RNase III polypeptides or polypeptides with an RNase III domain or activity may be used in conjunction with an enzyme dilution buffer. In some embodiments, the composition comprises an enzyme dilution buffer. The enzymes of the invention may be provided in such a buffer. In some embodiments, the buffer comprises one or more of the following glycerol, Tris, dithiothreitol (DTT), or EDTA. In specific embodiments, the enzyme dilution buffer comprises 50% glycerol, 20 mM Tris, 0.5 mM DTT, and 0.5 mM EDTA. In a method employing a composition, these components of the buffer may be diluted after addition of other components to the composition.
 In still further embodiments of the invention, recombinantly produced RNase III may be truncated by or be missing 1, 2, 3, 4, 5, 6, 7, 8, 9, 10, 11, 12, 13, 14, 15, 16, 17, 18, 19, 20, 21, 22, 23, 24, 25, 26, 27, 28, 29, 30 or more contiguous amino acids in one or more places in the polypeptide, yet still retain RNase III activity. In addition or alternatively, an RNase III polypeptide may include a heterologous sequence of at least 3 amino acids and also still retain RNase III activity. The heterologous sequence may be a discernible region (contiguous stretch of amino acids) from another polypeptide to render the RNase III polypeptide chimeric. The heterologous sequence may be tag that facilitates production or purification of the RNase III. Thus, in some embodiments of the invention, recombinant RNase III has a tag attached to it, either on one of its ends or atached at any residue in between. In some embodiments the tag is a histidine tag (His-tag), which is a series of at least 3 histidine residues and in some embodiments, 4, 5, 6, 7, 8, 9, 10, or more consecutive histidine residues. In other embodiments, the tag is GST, streptavidin, or FLAG. Additionally, some RNase III polypeptides may have a tag initially, but the tag may be removed subsequently.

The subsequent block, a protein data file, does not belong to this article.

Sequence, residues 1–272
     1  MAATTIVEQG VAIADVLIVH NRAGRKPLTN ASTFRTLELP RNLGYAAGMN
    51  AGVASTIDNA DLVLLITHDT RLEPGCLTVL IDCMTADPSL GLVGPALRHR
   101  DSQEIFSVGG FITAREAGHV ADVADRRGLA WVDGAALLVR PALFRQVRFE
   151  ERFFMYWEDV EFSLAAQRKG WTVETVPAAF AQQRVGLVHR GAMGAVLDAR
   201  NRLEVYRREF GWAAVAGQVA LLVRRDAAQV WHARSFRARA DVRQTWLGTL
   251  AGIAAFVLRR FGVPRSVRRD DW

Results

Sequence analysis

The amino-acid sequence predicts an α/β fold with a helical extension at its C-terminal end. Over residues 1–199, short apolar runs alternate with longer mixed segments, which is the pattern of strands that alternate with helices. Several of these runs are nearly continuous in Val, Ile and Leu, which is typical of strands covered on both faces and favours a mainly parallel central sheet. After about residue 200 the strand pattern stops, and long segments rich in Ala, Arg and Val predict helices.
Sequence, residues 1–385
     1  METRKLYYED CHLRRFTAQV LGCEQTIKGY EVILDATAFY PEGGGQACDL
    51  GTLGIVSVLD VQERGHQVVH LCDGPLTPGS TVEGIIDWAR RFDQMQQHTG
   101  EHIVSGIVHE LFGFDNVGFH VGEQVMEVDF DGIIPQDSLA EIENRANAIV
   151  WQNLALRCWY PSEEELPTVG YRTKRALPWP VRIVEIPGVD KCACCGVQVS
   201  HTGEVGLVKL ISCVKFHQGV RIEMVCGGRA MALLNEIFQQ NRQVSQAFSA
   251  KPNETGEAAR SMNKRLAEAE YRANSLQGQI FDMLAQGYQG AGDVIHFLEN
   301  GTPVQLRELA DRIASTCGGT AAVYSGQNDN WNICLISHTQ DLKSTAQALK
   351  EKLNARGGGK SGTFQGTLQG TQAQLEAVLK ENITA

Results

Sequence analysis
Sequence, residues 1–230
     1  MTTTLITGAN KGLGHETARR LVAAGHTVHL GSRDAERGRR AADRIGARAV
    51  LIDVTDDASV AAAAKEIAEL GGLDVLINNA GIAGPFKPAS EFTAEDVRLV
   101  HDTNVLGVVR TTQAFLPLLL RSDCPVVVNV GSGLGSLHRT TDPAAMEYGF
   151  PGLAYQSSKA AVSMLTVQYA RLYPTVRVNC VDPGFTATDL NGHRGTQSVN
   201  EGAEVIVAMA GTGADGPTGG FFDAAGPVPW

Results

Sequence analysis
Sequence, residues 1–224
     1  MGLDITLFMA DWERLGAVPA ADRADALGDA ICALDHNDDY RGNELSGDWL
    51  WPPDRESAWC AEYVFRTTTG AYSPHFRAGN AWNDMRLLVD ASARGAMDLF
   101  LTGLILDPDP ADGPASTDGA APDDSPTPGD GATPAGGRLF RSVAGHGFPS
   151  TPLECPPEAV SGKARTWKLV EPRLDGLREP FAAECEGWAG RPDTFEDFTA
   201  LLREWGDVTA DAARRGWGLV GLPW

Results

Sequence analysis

Furthermore, it is contemplated that siRNA or the longer dsRNA template may be labeled. The label may be fluorescent, radioactive, enzymatic, or colorimetric.
 The substrate for RNase III of the invention is a dsRNA molecule, which may be composed of two strands or a single strand with a region of complementarity within the strand. It is contemplated that the dsRNA substrate may be 25 to 10,000, 25 to 5,000, 50 to 1,000, 100-500, or 100-200 nucleotides or basepairs in length. Alternatively the dsRNA substrate may be at least or at most 25, 50, 75, 100, 200, 300, 400, 500, 600, 700, 800, 900, 1000, 1100, 1200, 1300, 1400, 1500, 1600, 1700, 1800, 1900, 2000, 2100, 2200, 2300, 2400, 2500, 2600, 2700, 2800, 2900, 3000, 3100, 3200, 3300, 3400, 3500, 3600, 3700, 3800, 3900, 4000, 4100, 4200, 4300, 4400, 4500, 4600, 4700, 4800, 4900, 5000, 5500, 6000, 6500, 7000, 7500, 8000, 8500, 9000, 9500, or 10,000 or more nucleotides of basepairs in length. dsRNA need only correspond to part of the target gene to yield an appropriate siRNA. Thus, a dsRNA that corresponds to all or part of a target gene means that the dsRNA can be cleaved to yield at least one siRNA that can silence the target gene. The dsRNA may contain sequences that do not correspond to the target gene, or the dsRNA may contain sequences that correspond to multiple target genes.